A six year-old kindergarten student from Salem died after contracting the flu.  The Saint Paul School, where the child was a student, received word of the boy's death over the weekend.

Centers for Disease Control and Prevention estimates from 2010 to 2014 show flu-associated deaths ranging from as low as 12,000 per year to as high as 56,000 per year.  It's hard knowing the exact number of people who die from seasonal flu because states aren't required to report flu-related deaths of people over the age of 18. A lot of times the flu is a contributing factor, but it isn't listed as the official cause of death.

Children, the elderly, people with chronic illnesses and people who are immunocompromised are at the greatest risk of developing severe influenza symptoms that could result in death.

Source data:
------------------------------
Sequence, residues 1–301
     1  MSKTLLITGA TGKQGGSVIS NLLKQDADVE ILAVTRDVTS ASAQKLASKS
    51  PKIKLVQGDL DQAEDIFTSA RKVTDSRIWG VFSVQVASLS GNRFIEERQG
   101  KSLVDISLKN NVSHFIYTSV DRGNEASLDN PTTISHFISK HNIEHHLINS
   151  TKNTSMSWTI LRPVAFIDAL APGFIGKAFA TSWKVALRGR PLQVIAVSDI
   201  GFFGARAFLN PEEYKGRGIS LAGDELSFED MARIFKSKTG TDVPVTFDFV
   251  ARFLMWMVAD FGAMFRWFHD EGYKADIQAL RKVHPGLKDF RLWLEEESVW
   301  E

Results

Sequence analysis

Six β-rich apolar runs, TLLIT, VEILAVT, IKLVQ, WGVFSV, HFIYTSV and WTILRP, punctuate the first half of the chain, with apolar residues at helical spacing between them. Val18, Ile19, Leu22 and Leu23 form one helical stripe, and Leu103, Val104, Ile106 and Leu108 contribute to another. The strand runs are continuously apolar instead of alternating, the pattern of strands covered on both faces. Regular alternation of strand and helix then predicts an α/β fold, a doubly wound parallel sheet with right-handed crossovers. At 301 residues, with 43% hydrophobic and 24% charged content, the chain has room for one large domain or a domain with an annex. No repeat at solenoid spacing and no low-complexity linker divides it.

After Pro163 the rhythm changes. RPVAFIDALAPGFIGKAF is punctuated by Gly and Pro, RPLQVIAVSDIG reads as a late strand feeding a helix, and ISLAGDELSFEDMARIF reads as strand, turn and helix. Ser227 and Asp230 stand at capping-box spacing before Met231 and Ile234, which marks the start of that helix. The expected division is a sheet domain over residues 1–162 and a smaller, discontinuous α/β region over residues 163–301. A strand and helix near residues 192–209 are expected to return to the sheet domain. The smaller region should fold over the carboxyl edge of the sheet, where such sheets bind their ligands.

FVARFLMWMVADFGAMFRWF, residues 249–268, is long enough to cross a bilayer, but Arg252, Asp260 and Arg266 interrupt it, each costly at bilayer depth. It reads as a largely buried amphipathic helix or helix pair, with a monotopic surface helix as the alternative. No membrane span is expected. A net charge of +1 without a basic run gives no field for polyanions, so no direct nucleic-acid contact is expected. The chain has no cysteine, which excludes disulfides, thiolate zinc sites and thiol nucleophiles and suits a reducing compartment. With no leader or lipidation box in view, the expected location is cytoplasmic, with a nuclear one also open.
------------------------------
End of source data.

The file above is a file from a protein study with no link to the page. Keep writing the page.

In Pennsylvania, 33 people have died from the flu this season.  No pediatric deaths have been reported in Pennsylvania..  Through January 21st, there were no pediatric related deaths reported in Ohio.  However, that figure will change when the Ohio Department of Health releases its latest flu statistics this week.

"The influenza virus is so widespread.  There are so many different kinds and it is able to mutate very easily.  So, that is why we see, even though we vaccinate against influenza, many times we still see these different types that can be very dangerous and life threatening emerge during flu season," said family medicine Dr. Angelina Rodriguez with Mercy Health.

The CDC recommends the flu vaccine for everyone six months of age and older.  People are also encouraged to wash their hands to reduce the spread of germs, stay away from sick people and stay home from work or school to prevent spreading the flu others.